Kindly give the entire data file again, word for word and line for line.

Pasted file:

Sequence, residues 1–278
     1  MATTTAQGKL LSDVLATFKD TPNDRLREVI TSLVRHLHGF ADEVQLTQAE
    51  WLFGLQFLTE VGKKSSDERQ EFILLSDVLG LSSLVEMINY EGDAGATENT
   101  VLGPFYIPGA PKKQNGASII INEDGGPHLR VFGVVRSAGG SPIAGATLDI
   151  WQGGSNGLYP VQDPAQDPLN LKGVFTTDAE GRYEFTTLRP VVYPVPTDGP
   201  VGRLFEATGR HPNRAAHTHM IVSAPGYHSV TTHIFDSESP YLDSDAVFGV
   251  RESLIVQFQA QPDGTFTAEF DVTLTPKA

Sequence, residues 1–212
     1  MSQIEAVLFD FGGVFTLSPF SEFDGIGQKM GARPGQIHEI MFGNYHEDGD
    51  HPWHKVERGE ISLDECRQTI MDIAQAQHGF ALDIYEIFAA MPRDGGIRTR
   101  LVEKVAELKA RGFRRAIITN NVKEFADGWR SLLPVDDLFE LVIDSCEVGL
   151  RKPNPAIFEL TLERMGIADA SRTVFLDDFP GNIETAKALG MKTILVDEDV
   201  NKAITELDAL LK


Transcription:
Sequence, residues 1–278
     1  MATTTAQGKL LSDVLATFKD TPNDRLREVI TSLVRHLHGF ADEVQLTQAE
    51  WLFGLQFLTE VGKKSSDERQ EFILLSDVLG LSSLVEMINY EGDAGATENT
   101  VLGPFYIPGA PKKQNGASII INEDGGPHLR VFGVVRSAGG SPIAGATLDI
   151  WQGGSNGLYP VQDPAQDPLN LKGVFTTDAE GRYEFTTLRP VVYPVPTDGP
   201  VGRLFEATGR HPNRAAHTHM IVSAPGYHSV TTHIFDSESP YLDSDAVFGV
   251  RESLIVQFQA QPDGTFTAEF DVTLTPKA

Sequence, residues 1–212
     1  MSQIEAVLFD FGGVFTLSPF SEFDGIGQKM GARPGQIHEI MFGNYHEDGD
    51  HPWHKVERGE ISLDECRQTI MDIAQAQHGF ALDIYEIFAA MPRDGGIRTR
   101  LVEKVAELKA RGFRRAIITN NVKEFADGWR SLLPVDDLFE LVIDSCEVGL
   151  RKPNPAIFEL TLERMGIADA SRTVFLDDFP GNIETAKALG MKTILVDEDV
   201  NKAITELDAL LK